Safe to Cycle? – Let’s See!

People often ask if it is safe to cycle. With the relative quietness of our roads recently, and more people taking to cycling, the question is more pertinent than ever.

I mounted a bike for the first time at the age of 6. My mother holding the handlebars, my big sister the saddle, suddenly and simultaneously let go, without warning. Like sink or swim, or topple or cycle in this instance, thankfully the latter prevailed and I’ve been at it pretty much ever since. A lifetime of almost daily cycling, to and from school, college, work, and now running my own bike tours, has given me  a good insight into the enjoyment that cycling can bring, but also the hazards and how to avoid them or adapt to stay safe.

There are many aspects to cycling safely, from bike condition, surface condition, weather, clothing and visibility, observation and reaction, behaviour, and so on. These subjects are frequently discussed and well documented. For the purposes of this piece, my focus is on one important aspect: cycling infrastructure.

As Dublin is where I live and have lived for most of my life, this is where my analysis is based. I also focus on the urban and suburban environment, where there is a variety of hazards. That is not to say that cycling on rural roads, mountain trails and elsewhere are hazard free, but we will leave them for another time.

Why focus on infrastructure?

For sure, all of the aspects mentioned before are important for safe cycling, but I believe that the importance of good or bad infrastructure, and their impact on the safety of users, are often underestimated, and even overlooked. Simple measures such as the installation of bollards, demarcation of lanes, or even simple signage, can all have significantly positive impacts. Contrary to what media headlines might frequently suggest, I believe it is a lack of clarity or awareness on the part of all road users that is often the main culprit when it comes to accidents and near misses, and not just careless behaviour. While this does exist, most people want to do the right thing, and well engineered, clear and consistent infrastructure really does go a long way to facilitating this desire, in my view.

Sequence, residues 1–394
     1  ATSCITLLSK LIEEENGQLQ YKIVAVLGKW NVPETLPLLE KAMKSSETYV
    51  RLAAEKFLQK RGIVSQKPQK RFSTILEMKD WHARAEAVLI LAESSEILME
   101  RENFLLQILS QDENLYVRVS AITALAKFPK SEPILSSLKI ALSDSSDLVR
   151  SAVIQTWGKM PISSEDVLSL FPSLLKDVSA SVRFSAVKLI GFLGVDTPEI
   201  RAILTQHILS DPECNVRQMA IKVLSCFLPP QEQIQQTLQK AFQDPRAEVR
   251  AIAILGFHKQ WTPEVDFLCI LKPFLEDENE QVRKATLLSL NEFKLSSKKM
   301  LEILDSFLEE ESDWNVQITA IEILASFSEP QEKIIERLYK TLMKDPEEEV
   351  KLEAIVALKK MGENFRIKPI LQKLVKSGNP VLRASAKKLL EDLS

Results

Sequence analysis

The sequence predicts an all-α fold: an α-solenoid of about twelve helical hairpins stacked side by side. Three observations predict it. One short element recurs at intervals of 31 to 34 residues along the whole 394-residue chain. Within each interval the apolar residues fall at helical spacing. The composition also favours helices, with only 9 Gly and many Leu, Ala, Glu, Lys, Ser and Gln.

With all of the above in mind, I have classified the cycling infrastructure into three broad categories, with further sub categories in each. Their definitions are broadly based on The National Cycle Manual produced by the National Transport Authority (NTA). While this is a very comprehensive and detailed document, its 236 pages contain far too much information than could be summarised here. Furthermore, I have disregarded some of its classifications which are less relevant, and simplified some of the terminology used.

The first broad category is the Cycle Track. While the terms Cycle Path and Cycle Way seem to be used interchangeably here, I’ve gone with Track for simplicity. This is the category that is away from roadways and is typically found in public parks and amenity areas, such as greenways and towpaths, for example. More detail on the subcategories anon.

The second broad category is the Cycle Lane. This is a demarcated lane along the side or adjacent to a roadway. There are three sub categories, and again, more anon.

The third broad category is simply where there is Shared Space on the roadway, where there is no demarcation and the cyclist shares the road with other users. The three sub categories here are to do with the type of road and its environment.